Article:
What do teachers and game designers have in common? According to respected games researcher and linguist James Paul Gee, they are both designers of learning. In the case of good teaching design, the systems they create combine resources, collaborations, mentoring, and tools. Games are one of those tools. Some are educational but most are designed for the entertainment market. The question is, can commercial games really be a legitimate part of a learning system?
Teaching the First World War is a good example. There are a number of video games that use this conflict as a setting for their game play but most are historically inaccurate to some degree or include fictional elements. Like all commercial games, they have to be fun in order to sell. Not surprisingly, most teachers would reject virtually killing people as part of that enjoyment, but games deserve a closer look. They have a place in learning, but it must fit with a teacher’s objectives and the system being designed.
Valiant Hearts: The Great War is an emotionally charged 2D puzzler game presented in graphic novel form that tells the interconnected stories of four characters who travel through war-torn Belgium and France. As players progress through the various game challenges, historical facts and collectable objects are unlocked. Despite the fictitious elements in the story, players sense the despair, loss and devastation of the war. Verdun: 1914-1918 is a multiplayer first-person shooter game where players experience simulated trench warfare in a variety of historical battlefields. The authenticity of the settings, uniforms, and weaponry creates a particularly immersive player experience. The futility of the First World War battle strategies and impending sense of inevitable death is well conveyed to players.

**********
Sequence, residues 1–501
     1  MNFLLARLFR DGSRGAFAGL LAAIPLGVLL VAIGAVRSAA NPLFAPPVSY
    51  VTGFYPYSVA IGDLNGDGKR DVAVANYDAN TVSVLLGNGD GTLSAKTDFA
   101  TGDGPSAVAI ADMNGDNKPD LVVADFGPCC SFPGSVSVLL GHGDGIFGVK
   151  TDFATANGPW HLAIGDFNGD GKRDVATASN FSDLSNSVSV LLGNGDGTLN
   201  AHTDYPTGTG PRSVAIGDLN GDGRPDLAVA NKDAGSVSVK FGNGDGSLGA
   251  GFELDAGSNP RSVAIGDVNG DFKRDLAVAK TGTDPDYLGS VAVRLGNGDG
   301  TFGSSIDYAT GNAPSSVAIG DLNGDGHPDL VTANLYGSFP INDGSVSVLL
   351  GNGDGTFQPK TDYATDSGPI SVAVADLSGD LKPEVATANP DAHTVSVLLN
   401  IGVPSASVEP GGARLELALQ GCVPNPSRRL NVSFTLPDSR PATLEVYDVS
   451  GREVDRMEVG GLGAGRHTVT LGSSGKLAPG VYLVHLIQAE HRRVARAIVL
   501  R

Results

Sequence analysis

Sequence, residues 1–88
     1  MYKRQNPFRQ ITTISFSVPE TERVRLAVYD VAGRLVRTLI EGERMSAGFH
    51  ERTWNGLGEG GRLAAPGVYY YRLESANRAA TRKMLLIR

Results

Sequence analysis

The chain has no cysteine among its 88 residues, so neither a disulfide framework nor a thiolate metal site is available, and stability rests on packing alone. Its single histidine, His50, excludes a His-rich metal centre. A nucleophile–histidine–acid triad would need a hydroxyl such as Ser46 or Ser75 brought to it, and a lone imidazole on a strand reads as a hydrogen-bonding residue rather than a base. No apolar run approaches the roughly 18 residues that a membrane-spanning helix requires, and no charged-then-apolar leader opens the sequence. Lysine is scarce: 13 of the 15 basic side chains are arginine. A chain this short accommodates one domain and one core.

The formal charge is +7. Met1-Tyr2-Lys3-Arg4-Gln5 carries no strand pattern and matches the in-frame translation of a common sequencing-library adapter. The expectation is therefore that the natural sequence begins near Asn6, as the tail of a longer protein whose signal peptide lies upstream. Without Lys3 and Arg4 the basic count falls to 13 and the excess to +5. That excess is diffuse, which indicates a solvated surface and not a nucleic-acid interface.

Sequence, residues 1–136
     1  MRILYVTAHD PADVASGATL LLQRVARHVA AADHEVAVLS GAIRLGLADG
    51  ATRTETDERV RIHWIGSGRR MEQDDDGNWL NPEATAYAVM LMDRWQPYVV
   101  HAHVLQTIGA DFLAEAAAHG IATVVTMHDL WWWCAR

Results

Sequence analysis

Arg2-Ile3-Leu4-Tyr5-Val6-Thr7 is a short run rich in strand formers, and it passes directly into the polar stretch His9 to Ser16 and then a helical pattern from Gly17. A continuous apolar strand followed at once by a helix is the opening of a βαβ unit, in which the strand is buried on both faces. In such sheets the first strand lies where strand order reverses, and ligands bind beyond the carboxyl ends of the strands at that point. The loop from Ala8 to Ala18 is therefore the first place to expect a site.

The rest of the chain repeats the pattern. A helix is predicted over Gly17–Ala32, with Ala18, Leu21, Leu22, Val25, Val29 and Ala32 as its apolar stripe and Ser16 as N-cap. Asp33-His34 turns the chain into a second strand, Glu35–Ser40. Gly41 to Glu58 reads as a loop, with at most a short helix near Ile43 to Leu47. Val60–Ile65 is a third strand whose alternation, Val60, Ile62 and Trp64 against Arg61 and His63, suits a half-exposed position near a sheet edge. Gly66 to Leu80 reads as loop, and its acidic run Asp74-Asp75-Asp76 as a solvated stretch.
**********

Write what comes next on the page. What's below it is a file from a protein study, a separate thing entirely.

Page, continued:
There are a number of ways that historical thinking concepts can be developed using these games. One approach is to determine the accuracies and inaccuracies presented in the gameplay using primary source analysis to corroborate or reject the information presented. The ethical judgements and conclusions communicated through the games also provide opportunities to discuss today’s conflicts and reflect upon the degree that our current perspectives have changed or remain the same.
Games offer learning through what Gee calls the situated meaning principle - or learning through action. Contextualized Information is experienced as players actively problem-solve their way through challenges like puzzles, quests, and confrontations. This information becomes meaningful when associated with the images and actions needed to meet a goal. Games are not linear. They allow the player to assume different identities, consider multiple perspectives, and investigate different strategies to solve problems. They provide a context in which to learn, even if that context is a simulation or story.
Perhaps the most direct benefit of games is their ability to stimulate interest on a wide range of topics. Play Valiant Hearts or Verdun and you will find it difficult not be hooked by some event, description, condition, or injustice that increases your curiosity about the First World War. These motivating and familiar tools have currency in the everyday lives of students, who intuitively navigate and understand them. They can be a valuable part of any teacher-designed learning system.